Namibia Central Bank Governor Sees Slower GDP Growth at 4.3%

  • Inflation set to remain below 10% for some time, Shiimi says
  • Central bank to make next interest-rate decision in February

Namibia central bank Governor Ipumbu Shiimi said economic growth will probably slow to 4.3 percent this year while inflation will remain subdued.

The growth estimate is still “respectable,” given a severe drought and a slide in demand for commodities from China, Shiimi said in an interview in the capital, Windhoek, late on Jan. 21. The bank forecast the economy expanded 5.4 percent last year.

“The main risks include a reversal of growth in advanced countries, a more-than-expected decline in China’s economy, worsening conditions in other emerging-market countries, weaker growth in South Africa and Angola and drought at home,” he said.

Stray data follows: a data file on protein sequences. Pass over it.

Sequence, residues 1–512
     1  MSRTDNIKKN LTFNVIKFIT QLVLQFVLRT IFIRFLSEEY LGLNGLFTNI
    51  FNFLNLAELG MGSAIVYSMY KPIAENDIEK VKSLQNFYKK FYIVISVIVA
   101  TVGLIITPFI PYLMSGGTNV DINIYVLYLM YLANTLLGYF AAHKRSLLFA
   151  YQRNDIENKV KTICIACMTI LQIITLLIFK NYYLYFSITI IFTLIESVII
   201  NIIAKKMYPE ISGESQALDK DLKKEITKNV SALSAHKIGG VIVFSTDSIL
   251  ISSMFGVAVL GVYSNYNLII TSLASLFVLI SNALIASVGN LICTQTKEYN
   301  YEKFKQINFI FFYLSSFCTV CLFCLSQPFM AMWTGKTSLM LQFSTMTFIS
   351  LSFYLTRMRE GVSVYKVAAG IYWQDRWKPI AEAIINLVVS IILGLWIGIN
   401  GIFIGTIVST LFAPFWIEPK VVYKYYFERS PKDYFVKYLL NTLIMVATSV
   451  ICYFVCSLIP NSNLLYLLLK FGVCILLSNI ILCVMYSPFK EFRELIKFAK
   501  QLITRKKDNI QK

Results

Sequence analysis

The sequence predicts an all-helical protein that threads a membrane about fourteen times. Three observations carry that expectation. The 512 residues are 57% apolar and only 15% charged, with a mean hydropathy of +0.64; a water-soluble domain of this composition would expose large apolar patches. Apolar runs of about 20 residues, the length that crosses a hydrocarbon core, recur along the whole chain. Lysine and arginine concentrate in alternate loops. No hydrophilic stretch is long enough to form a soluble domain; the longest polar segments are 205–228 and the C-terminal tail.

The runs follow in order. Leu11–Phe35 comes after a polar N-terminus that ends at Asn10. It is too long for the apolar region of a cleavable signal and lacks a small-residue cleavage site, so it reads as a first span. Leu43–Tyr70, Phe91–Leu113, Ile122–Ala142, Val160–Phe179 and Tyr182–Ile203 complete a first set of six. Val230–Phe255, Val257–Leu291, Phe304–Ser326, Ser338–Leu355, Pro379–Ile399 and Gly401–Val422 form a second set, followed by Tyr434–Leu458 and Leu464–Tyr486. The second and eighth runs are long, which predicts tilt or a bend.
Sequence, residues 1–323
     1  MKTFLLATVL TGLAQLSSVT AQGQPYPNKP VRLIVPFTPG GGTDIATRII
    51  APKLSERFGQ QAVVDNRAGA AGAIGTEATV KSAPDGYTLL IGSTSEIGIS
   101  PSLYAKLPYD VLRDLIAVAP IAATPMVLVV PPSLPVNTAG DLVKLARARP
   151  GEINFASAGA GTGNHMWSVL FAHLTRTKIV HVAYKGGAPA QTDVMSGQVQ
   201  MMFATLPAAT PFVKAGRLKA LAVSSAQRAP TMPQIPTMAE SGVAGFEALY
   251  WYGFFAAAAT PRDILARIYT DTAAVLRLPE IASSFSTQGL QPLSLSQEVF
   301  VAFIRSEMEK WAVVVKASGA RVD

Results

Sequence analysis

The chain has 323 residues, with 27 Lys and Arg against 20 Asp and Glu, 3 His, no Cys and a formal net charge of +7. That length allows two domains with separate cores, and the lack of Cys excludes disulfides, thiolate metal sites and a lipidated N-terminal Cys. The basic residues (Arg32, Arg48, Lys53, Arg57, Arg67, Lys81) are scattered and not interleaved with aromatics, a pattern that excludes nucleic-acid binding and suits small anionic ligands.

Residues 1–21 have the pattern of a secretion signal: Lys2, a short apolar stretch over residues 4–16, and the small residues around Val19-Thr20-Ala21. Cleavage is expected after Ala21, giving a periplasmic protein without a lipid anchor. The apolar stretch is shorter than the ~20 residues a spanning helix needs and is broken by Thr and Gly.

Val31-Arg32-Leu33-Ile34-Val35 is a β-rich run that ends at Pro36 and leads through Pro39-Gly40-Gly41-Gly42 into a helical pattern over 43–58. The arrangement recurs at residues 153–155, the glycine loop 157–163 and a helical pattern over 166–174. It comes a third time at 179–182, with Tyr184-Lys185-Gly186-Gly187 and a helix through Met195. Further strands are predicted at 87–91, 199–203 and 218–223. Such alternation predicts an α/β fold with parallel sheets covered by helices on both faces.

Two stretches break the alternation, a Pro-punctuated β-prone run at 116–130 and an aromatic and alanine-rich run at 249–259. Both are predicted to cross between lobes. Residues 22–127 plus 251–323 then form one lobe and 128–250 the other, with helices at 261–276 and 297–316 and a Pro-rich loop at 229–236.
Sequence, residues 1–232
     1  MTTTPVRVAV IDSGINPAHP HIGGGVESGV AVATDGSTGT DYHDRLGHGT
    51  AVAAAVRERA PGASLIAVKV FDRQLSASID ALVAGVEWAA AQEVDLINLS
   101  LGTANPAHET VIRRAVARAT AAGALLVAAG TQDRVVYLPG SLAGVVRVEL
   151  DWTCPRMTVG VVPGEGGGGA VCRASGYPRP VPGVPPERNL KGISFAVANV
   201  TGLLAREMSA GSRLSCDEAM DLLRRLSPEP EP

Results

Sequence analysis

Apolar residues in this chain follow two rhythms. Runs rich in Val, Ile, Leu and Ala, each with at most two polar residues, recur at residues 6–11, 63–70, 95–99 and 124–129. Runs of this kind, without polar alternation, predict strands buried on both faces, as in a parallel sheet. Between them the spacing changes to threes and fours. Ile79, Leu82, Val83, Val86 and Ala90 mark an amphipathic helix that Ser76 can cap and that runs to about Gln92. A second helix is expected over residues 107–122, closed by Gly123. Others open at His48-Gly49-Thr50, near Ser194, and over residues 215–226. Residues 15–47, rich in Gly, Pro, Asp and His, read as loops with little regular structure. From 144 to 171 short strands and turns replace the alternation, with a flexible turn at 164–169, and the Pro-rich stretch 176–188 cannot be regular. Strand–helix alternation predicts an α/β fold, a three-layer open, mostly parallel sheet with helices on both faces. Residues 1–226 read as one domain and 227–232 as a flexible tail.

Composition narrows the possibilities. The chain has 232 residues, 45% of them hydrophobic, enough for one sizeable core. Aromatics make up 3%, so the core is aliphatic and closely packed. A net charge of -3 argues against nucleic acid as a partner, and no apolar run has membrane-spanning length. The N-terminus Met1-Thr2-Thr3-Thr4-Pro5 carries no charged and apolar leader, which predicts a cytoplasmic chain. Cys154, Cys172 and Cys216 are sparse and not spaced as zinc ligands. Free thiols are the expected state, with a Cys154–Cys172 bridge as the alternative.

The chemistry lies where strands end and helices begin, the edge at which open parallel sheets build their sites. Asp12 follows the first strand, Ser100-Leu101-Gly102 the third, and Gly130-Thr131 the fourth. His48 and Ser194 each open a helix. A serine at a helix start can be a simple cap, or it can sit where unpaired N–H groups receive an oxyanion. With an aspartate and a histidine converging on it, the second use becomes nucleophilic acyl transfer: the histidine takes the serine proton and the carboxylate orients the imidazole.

The nation posted economic growth of 3.5 percent in the third quarter from 3.2 percent a year earlier, according to the Namibia Statistics Agency.

Namibia is the world’s largest producer of offshore diamonds and is also a miner of uranium. Its currency is pegged to the South African rand, which has plunged 17 percent against the dollar in the past three months.

While the Bank of Namibia generally follows monetary policy set by its bigger neighbor, it diverged last year. Shiimi has kept the benchmark rate unchanged at 6.5 percent since June, while the South African Reserve Bank has raised its key rate twice to 6.25 percent in the same period.

Inflation in Namibia, which accelerated to 3.7 percent in December, is set to remain below 10 percent for some time, Shiimi said.

“We are comfortable with a rate of less than 10 percent,” he said. The central bank is scheduled to announce its next rate decision in February.

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